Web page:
Aggravated Assault

What Is Assault With a Deadly Weapon in Texas?

Assault with a deadly weapon in Texas is one of the most serious criminal charges a person can face. Assault with a deadly weapon charges are automatically tried as second-degree felonies, and can even be upgraded to first-degree depending on the circumstances. 

If you or a loved one is facing charges of assault with a deadly weapon in Texas, you need the best criminal defense attorneys Dallas/Fort Worth has to offer if you plan on keeping your freedom intact. 

The aggravated assault lawyers at Sellers Law Firm can help. Led by criminal law attorney Frank Sellers, our trial attorneys prepare meticulously and argue passionately in your defense. We are not afraid to go to trial, argue your case in front of a judge and jury, and do what it takes to win. 

Assault vs. aggravated assault 

The difference between assault and aggravated assault in Texas, is that to be charged with aggravated assault one must intentionally, knowingly, or recklessly assault another person with an additional aggravating factor. The five most common aggravating factors in aggravated assault cases include:

  • Serious bodily injury
  • Recidivism 
  • Lack of remorse
  • Age of the victim or mental health of the victim
  • Use of a deadly weapon

Assault with a deadly weapon in Texas is just one form of aggravated assault. Any assault involving the use of a deadly weapon in Texas is tried as felony aggravated assault, but what exactly is a deadly weapon?

What counts as a deadly weapon in Texas?

Texas Penal Code §1.07 defines a deadly weapon as:

  • A firearm or anything manifestly designed, made, or adapted for the purpose of inflicting death or serious bodily injury; or
  • Anything that in the manner of its use or intended use is capable of causing death or serious bodily injury.

The language is intentionally vague, and whether or not a deadly weapon was used is often something that the jury will decide based on the facts presented by your assault defense attorneys. Texas Penal Code § 46.01, the chapter in the Texas Penal Code dedicated to weapons, does however specifically list some examples, including:

  • Clubs
  • Blackjacks
  • Nightsticks
  • Maces
  • Tomahawks
  • Explosive weapons
  • Firearms
  • Firearm silencers
  • Handguns
  • Location-restricted knives
  • Knives
  • Knuckles
  • Machine guns
  • Short-barrel firearms
  • Hoax bombs
  • Chemical dispensing devices
  • Zip guns
  • Tire deflation devices

As you can see, you can intend to use just about anything as a deadly weapon, so it will depend heavily on your intentions and your attorney’s ability to present facts to the jury. 

What is the penalty for assault with a deadly weapon in Texas?

Avoiding a conviction for assault with a deadly weapon is essential if you want to avoid severe penalties. Aggravated assault with a deadly weapon in Texas sentences are long, and the penalty breakdown is as follows.

ChargeFinePrison time
Second-degree felonyUp to $10,0002 – 20 years
First-degree felonyUp to $10,000Up to 99 years

Assault with a deadly weapon charges are tried as first-degree felonies when:

  • The victim is a family member, household member, or dating partner.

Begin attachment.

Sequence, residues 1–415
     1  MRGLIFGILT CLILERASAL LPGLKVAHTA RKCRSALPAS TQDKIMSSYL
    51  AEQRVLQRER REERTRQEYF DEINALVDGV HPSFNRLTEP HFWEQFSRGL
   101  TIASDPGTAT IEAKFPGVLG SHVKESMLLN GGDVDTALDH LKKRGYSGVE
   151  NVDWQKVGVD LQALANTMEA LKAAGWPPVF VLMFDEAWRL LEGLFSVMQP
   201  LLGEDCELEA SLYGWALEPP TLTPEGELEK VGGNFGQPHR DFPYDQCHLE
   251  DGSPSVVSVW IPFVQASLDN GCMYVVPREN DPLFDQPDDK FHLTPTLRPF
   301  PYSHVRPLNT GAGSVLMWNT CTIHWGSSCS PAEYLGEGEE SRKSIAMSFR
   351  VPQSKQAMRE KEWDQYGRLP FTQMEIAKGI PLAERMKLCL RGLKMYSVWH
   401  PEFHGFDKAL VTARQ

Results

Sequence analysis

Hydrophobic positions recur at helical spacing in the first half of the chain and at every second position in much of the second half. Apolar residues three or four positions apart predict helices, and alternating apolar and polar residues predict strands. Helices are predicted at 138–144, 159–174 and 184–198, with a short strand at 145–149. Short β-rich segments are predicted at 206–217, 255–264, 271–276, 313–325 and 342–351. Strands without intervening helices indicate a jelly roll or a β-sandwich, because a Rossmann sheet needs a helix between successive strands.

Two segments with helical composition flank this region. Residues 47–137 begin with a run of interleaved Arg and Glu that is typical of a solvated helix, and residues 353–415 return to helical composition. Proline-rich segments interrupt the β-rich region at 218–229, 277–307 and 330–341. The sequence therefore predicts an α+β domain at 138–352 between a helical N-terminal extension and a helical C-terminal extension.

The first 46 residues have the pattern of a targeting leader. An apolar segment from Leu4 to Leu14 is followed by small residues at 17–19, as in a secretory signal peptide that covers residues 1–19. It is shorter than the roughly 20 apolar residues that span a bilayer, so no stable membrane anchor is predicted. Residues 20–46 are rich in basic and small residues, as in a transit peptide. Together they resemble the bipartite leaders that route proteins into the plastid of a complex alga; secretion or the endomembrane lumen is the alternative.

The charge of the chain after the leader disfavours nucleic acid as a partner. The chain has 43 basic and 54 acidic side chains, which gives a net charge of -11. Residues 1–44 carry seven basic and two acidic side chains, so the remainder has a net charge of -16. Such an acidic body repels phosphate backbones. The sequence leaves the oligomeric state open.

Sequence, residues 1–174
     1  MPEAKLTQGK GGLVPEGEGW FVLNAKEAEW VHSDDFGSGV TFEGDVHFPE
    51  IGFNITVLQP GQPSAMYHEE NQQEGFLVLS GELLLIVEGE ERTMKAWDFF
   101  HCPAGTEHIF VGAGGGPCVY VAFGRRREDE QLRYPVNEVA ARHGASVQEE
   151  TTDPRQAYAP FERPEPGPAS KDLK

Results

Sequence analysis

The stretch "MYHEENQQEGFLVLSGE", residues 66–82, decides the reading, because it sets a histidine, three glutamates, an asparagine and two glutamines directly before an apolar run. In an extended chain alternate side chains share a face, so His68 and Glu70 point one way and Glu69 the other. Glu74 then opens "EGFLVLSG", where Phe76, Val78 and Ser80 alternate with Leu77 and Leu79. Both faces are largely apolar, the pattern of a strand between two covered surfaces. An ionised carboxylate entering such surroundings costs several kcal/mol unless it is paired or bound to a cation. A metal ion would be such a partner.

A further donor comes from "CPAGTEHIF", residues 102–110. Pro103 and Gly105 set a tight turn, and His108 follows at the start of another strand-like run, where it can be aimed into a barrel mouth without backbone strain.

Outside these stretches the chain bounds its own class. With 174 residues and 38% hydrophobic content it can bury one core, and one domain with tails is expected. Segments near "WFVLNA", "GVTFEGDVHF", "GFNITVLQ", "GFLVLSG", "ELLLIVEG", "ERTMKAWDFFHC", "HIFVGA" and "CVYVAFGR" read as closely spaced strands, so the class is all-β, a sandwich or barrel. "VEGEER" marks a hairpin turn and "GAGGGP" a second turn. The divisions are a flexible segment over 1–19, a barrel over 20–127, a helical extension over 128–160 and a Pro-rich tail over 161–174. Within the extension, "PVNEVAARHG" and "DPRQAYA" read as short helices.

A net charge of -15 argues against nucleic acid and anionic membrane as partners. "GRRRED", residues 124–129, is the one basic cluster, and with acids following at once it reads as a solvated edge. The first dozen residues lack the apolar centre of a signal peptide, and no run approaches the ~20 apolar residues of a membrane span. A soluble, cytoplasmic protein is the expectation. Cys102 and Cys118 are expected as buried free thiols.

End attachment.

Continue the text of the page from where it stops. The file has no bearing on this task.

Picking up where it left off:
• The crime is committed in retaliation against a public servant, a known witness, an informant, or person who reported the occurrence of a crime.
  • Serious bodily injury occurs during the discharging of a firearm from a motor vehicle, in the direction of an occupied habitation, building, or vehicle.

Otherwise, it is likely that assault with a deadly weapon charges will be tried as second-degree felonies, and your attorneys will be your last line of defense against a maximum of 20 years in prison. 

Can assault charges be dropped in Texas?

If you want to get your charges for aggravated assault with a deadly weapon in Texas dismissed or dropped, you’ll need an aggressive and dedicated attorney who can advocate for you, showing the court that you were put in the situation by factors that you were not under your control. 

One of the major defenses to charges for aggravated assault is self-defense. The self-defense laws in Texas apply in homicide and assault cases in which a person commits the action in response to violence or threats of violence. Even if the Texas self-defense laws apply, you will still need a good lawyer to prove that you had a belief in necessary force and used a reasonable amount of force in defending yourself.

Can you get probation on aggravated assault with a deadly weapon in Texas? If you are found guilty you will not be eligible for probation, which means it is essential that you are not found guilty in the first place. And to that, you’ll need the right attorney in your corner.

Call the lawyers for assault with a deadly weapon in Texas at Sellers Law Firm

If you or a loved one is facing charges of assault with a deadly weapon in Texas, you need to contact an experienced and aggressive Fort Worth assault attorney before it is too late. The prosecution is building its case against you right now, and every minute that goes by is another minute during which your attorney could be strengthening your defense. 

Whether you need a lawyer for criminally negligent homicide or a Fort Worth murder lawyer, the criminal trial attorneys at Sellers Law Firm are here to ensure that your rights are respected and your freedoms are protected. 

Call Sellers Law Firm today at (817) 928-4222 or contact us online today for a free consultation. 

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